Sir Martin Narey
Former CEO Barnardos and Former Director of the Prison Service

Change, Employee Engagement, Leadership

Sir Martin Narey is the Government’s Adoption Czar, appointed in July 2011 after The Times published his 22,000 word blueprint for adoption in the same month. He is also a Board Member of the Advertising Standards Authority. He stepped down as Chief Executive of Barnardo’s in January after five very successful years at the helm during which Barnardo’s grew in size and influence becoming, once again, the biggest children’s charity in the UK. Before that he was Director General of the Prison Service and then the Chief Executive of the National Offender Management Service and a Permanent Secretary at the Home Office.

When running prisons he was widely recognised for his commitment to transforming and motivating prison staff, and for his clarity of vision and determination to drive through improvements in the way in which prisoners were treated. He established the Decency Agenda in prisons, which led to significant improvements in prison conditions. He was appointed as the youngest ever Director General of the Prison Service in 1998.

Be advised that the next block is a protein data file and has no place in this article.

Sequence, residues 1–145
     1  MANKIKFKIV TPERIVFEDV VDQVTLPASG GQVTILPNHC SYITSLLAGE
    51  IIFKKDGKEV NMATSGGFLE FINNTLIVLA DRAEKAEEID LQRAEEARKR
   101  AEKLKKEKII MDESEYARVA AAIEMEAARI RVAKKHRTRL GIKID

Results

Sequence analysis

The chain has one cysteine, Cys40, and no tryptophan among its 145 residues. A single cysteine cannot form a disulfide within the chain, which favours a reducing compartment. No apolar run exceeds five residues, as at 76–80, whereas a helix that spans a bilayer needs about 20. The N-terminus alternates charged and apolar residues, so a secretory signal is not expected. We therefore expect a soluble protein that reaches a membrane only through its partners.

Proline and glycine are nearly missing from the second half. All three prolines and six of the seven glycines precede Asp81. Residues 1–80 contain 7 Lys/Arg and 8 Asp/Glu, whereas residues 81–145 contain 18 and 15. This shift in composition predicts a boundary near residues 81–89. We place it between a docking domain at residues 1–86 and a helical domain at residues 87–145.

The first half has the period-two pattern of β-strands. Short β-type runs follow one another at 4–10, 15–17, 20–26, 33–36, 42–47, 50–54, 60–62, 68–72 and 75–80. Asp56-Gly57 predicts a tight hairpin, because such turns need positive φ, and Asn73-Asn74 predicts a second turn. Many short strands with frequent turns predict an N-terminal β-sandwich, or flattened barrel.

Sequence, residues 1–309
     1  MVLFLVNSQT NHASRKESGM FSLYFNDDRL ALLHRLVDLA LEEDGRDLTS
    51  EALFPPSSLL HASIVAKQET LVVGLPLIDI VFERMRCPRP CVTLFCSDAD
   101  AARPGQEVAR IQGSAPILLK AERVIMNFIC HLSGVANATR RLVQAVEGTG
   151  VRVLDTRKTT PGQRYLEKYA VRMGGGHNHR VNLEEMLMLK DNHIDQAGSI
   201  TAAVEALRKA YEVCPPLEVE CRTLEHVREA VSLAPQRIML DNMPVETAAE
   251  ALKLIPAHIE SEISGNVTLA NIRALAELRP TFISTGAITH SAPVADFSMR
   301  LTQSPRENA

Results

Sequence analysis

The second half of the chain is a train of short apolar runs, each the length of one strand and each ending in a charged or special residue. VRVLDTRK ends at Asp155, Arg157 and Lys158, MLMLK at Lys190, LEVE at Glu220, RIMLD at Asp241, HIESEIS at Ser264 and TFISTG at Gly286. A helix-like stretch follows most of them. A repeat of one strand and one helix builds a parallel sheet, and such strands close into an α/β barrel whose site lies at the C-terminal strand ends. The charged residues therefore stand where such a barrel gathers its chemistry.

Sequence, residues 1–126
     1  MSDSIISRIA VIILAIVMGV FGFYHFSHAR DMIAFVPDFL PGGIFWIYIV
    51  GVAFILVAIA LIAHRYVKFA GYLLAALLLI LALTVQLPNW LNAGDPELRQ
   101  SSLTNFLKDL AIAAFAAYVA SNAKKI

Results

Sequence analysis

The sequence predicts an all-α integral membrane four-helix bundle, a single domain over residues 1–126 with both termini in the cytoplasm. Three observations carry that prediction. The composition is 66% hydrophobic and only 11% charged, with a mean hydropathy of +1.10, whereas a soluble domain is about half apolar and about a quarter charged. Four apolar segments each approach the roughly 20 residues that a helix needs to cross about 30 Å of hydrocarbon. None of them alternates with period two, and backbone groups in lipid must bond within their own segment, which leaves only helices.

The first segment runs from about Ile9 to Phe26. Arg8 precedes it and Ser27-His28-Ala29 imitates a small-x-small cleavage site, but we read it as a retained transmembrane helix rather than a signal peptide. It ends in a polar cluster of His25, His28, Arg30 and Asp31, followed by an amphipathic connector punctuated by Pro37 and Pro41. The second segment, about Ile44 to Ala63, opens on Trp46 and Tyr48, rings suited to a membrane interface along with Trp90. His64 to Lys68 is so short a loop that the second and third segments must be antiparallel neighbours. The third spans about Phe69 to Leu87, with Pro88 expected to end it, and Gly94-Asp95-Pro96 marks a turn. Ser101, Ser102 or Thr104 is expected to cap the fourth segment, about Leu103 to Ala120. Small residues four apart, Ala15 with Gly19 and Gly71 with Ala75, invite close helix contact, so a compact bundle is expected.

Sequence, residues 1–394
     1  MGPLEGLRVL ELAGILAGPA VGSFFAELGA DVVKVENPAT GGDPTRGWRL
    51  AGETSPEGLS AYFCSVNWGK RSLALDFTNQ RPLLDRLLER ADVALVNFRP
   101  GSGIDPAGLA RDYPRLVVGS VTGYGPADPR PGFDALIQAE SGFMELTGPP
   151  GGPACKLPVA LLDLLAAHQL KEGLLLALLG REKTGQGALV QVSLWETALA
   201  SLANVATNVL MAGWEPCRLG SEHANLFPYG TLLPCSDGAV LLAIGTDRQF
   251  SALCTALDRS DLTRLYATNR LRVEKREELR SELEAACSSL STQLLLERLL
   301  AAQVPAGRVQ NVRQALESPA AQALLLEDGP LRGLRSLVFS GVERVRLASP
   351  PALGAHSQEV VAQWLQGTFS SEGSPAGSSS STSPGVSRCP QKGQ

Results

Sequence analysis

Martin paints a portrait of the challenges of the Prison Service, contrasting that with the management of a large charity, outlines why no one wanted the Prison job, why he did want it, and then, how very difficult it was to do. He talks frankly about the many challenges, including things he got badly wrong. From that, but also reflecting on his wider managerial experience, he draws up a list of ten simple leadership rules which, he argues, apply in good times and bad and in any type of management job and which, he believes helped him to win the Chartered Institute of Management’s gold medal for leadership, the first public sector recipient of this for ten years.

Martin has a deep and passionate concern for disadvantaged young people. It is this thread (in addition to a growing frustration with the political process), which brought him to Barnardo’s which works with 111,000 disadvantaged children and young people with a staff of nearly eight thousand and with 16,000 volunteers.